• Receive funding: Creating an Operating Agreement gives investors more incentive to invest in your business because it outlines your legal and financial details. Additionally, most banks will require an Operating Agreement to open a business bank account.
  • Avoid default laws: Without an Operating Agreement, your LLC will be subject to the default rules and guidelines set by the District of Columbia. An Operating Agreement can spell out how you would like the business to operate and what happens under certain conditions, such as the dissolution of the company.

What do I include in my District of Columbia LLC Operating Agreement?

Whether you are a single-member or multi-member LLC, you’ll want to draft an Operating Agreement during your initial LLC formation process. Starting a company can be tiring enough, and the added paperwork might feel like a nuisance that you can skip. However, operating your business without an Operating Agreement is risky. 

Luckily, ZenBusiness has a template that you can reference while you draft a comprehensive Operating Agreement. 

An Operating Agreement may include: 

  • Your legal business name
  • Voting rights and responsibilities of the members
  • Percentage of ownership for each member 
  • How profits should be distributed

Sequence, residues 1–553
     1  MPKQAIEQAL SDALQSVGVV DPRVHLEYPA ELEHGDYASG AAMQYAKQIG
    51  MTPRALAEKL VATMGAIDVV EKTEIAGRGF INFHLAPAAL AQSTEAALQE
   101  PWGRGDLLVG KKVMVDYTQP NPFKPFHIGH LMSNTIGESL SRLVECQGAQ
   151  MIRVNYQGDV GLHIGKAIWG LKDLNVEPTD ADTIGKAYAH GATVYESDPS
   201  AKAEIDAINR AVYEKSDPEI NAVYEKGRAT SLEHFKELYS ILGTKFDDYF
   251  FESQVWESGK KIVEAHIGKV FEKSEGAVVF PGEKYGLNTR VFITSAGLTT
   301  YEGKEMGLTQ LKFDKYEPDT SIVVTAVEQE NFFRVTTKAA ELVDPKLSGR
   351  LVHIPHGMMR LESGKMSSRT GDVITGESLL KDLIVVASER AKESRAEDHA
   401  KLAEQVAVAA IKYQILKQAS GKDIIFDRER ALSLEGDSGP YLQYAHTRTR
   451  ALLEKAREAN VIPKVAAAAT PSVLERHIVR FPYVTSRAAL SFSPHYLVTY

• Rules for buyouts and sell-outs 
  • How and when meetings should be held
  • How management should be structured 

In the District of Columbia, there are specific parameters for an Operating Agreement and default regulations. You can customize your Operating Agreement to have certain rules for your LLC; however, there are some restrictions. Most importantly, an Operating Agreement cannot restrict any state requirements. 

Even though it is not a strict requirement to create an Operating Agreement in the District of Columbia, all LLCs are subject to default rules and regulations. In short, D.C. has default rules for member relations, the rights and duties of managers, the activities and affairs of the company, and the conditions for amending the Operating Agreement. The following will cover four important parameters for an Operating Agreement in the District of Columbia.  

Items to include in your District of Columbia Operating Agreement:

1. Membership

Operating Agreements should address the LLC members. The District of Columbia has certain rules for membership. To begin, all members of an LLC are bound by the Operating Agreement. All members must also agree to the terms of the Operating Agreement. 

Operating Agreements help members:

  • Avoid fights: By drafting a comprehensive Operating Agreement, members can avoid in-fighting.
  • Be adaptable: An Operating Agreement can outline what members of the LLC do. For example, if someone initially invests 90% into the LLC, they might avoid doing the majority of the day-to-day work, whereas the person who invested 10% might be in charge of everyday operations. Dictating the expectations of members is a great thing to put in the Operating Agreement.